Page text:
Baskets are truly wonderful home and lifestyle products, by far the most practical, versatile and in many ways enduring. The traditions of basketry go back thousands of years and basket weaving is one of the widest spread crafts in the history of any human civilization. Here are a few tips to looking after your baskets to ensure that you enjoy your collection for many years.
Firstly it is important to remember that baskets are designed to be used: their very nature is that of purpose and practicality, paired with quality design, the very best materials and skilled craftsmanship our baskets will last a very long time. You can prolong your baskets life by following these simple steps to ensure longevity.
Avoid direct sunlight and store away from heat sources: Keeping your baskets away from any source of direct heat such as wood stoves, fireplaces, radiators, and/or leaving them in direct sunlight will ensure that the willow doesn't dry out and loose it rigidity. Intense (direct) heat and ultraviolet rays from the sun may cause fading and bleaching in addition to drying the fibers out prematurely, which can make them brittle. Some direct heat is of course inevitable (log baskets and picnic baskets for example are unavoidably exposed) the trick is to not over do it and to monitor the state of your baskets.
Maintaining a healthy moisture content (not to be confused with dampness): A simple way to combat a known heat source such as a log fire (which is usually right next to your log basket) is to schedule a monthly bath day for your baskets or mist them every so often to maintain a healthy moisture level. Bathing or hosing down baskets is really very simply. Give them a good soaking with cool or cold water, avoid using any soaps, if there is some built up dirt use a coarse scrubbing brush. Do be careful to observe the pressure of scrubbing as this may strip any bark (the coloured skin) if you scrub too hard. Soaking a basket in water or giving it a thorough “shower” can result in swelling of the fibers so this should be a fairly quick process in and out of the water. Once washed down leave outside, ideally in a windy spot but not in direct sunlight and allow to air dry. You will know when your basket has absorbed a healthy amount of water as it will give off a very pleasant olive wood smell. Never leave you basket standing in water or the bath.
Keep baskets away from grease: Try not to keep baskets above your cooking area as fat is in the air there and will cling to the baskets. This is not impossible to remove but a little more effort is involved than simply hosing them down. If you do end up with fat or grease on your basket (for example if you have picnics and/ or children this is very likely and is not the end of the world!), simply sponge clean regularly with a natural soap. We would recommend an olive oil based soap like Savon de Marseille. Follow the instructions above for cleaning.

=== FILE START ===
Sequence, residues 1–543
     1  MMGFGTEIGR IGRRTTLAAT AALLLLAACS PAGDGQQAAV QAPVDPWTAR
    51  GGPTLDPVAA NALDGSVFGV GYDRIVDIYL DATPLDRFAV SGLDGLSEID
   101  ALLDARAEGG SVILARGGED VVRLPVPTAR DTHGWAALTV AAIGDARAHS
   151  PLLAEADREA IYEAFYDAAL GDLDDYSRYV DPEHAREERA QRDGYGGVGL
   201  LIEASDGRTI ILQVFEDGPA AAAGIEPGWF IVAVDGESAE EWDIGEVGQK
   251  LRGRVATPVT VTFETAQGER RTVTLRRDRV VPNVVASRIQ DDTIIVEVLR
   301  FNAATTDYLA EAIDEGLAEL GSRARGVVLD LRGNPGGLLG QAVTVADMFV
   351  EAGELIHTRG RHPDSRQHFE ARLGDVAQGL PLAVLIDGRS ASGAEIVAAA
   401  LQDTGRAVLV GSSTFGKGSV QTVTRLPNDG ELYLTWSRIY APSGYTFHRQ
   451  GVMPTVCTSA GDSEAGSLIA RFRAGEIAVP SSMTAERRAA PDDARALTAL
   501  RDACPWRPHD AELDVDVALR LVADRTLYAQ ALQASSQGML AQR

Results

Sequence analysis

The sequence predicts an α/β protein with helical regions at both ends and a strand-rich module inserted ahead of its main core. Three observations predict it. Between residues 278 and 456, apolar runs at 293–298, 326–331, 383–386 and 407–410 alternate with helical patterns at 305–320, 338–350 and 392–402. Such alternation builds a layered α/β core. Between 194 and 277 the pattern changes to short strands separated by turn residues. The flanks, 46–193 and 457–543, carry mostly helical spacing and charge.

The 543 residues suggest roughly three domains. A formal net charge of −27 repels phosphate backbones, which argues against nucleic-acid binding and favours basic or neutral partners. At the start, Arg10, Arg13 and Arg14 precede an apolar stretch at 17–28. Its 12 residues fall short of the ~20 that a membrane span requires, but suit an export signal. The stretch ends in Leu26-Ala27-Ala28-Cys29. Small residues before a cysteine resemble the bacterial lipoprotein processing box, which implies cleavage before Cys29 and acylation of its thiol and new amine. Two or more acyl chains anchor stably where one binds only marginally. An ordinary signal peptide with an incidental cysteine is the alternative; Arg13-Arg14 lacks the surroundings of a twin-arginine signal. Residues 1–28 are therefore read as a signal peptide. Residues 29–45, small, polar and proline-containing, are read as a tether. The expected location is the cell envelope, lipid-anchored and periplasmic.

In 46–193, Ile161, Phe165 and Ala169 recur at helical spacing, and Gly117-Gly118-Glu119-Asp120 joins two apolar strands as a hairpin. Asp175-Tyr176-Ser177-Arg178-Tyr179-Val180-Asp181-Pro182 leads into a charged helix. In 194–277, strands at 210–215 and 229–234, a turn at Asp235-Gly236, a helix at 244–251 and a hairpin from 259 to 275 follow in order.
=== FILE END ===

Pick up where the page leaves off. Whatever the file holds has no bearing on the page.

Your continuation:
We recommend maintain the intended use for your baskets: Whilst of course it's not the end of the world if you suddenly change the use of your basket, all our baskets are designed with particular uses in mind. More problematic however might be suddenly making all your blankets smell like onions if you started using your vegetable basket for storing linen and blankets in. This is of course your choice and if a basket has taken on a scent of its previous use then follow the instructions above to bath them clean. In this case we would recommend using a very lightly scented Savon de Marseille.
Good practice basket care: We do not want you to worry about your baskets, they are well made and designed to be used but following some basic good practice guidelines will ensure longevity. It’s best to handle your baskets with clean hands; free of lotion, oil or grease of any kind. Fatty oils and high humidity can cause slight damage by causing stains, mold, and mildew. Avoiding this will save you from unnecessarily having to clean your baskets.
If a basket is fully loaded, particularly with something like a vegetable harvest which can be very heavy, always pick up baskets by supporting the bottom as well, unless of course it is a log basket or heavy duty model (this is specified in the product descriptions).
Cleaning your baskets: A feather duster or a clean, dry natural bristle paintbrush is the best way to remove dust from a basket when doing your general cleaning rounds. Alternatively you can use the upholstery attachment of your vacuum cleaner to remove any build up of dust. For deep cleaning, follow the instructions above on how to bath your baskets.
Giving your basket some TLC: All baskets will eventually show signs of use, that's their life story and their unique patina and is all part of what makes baskets so wonderful to live with. It is nice however from time to time to give them a little face lift as you would furniture and walls. Follow the instructions above to clean and air dry, leave a day of two to ensure that its properly dry and then using a natural cotton rag (old cotton nappies are fabulous for this) rub on some oil lightly following the direction of the willow. Pay attention to the direction of the growth: you will notice small buds on the willow stems (these would have become leaves and new shoots if it were still growing) these once dried can be a little sharp so rub in the direction of the growth not against it to avoid splinters. You can use a simple mineral oil (the same as you would for your wooden plates and bowls) but equally a little good quality olive oil does the trick. Avoid vegetable oils as they can go rancid and sticky over time.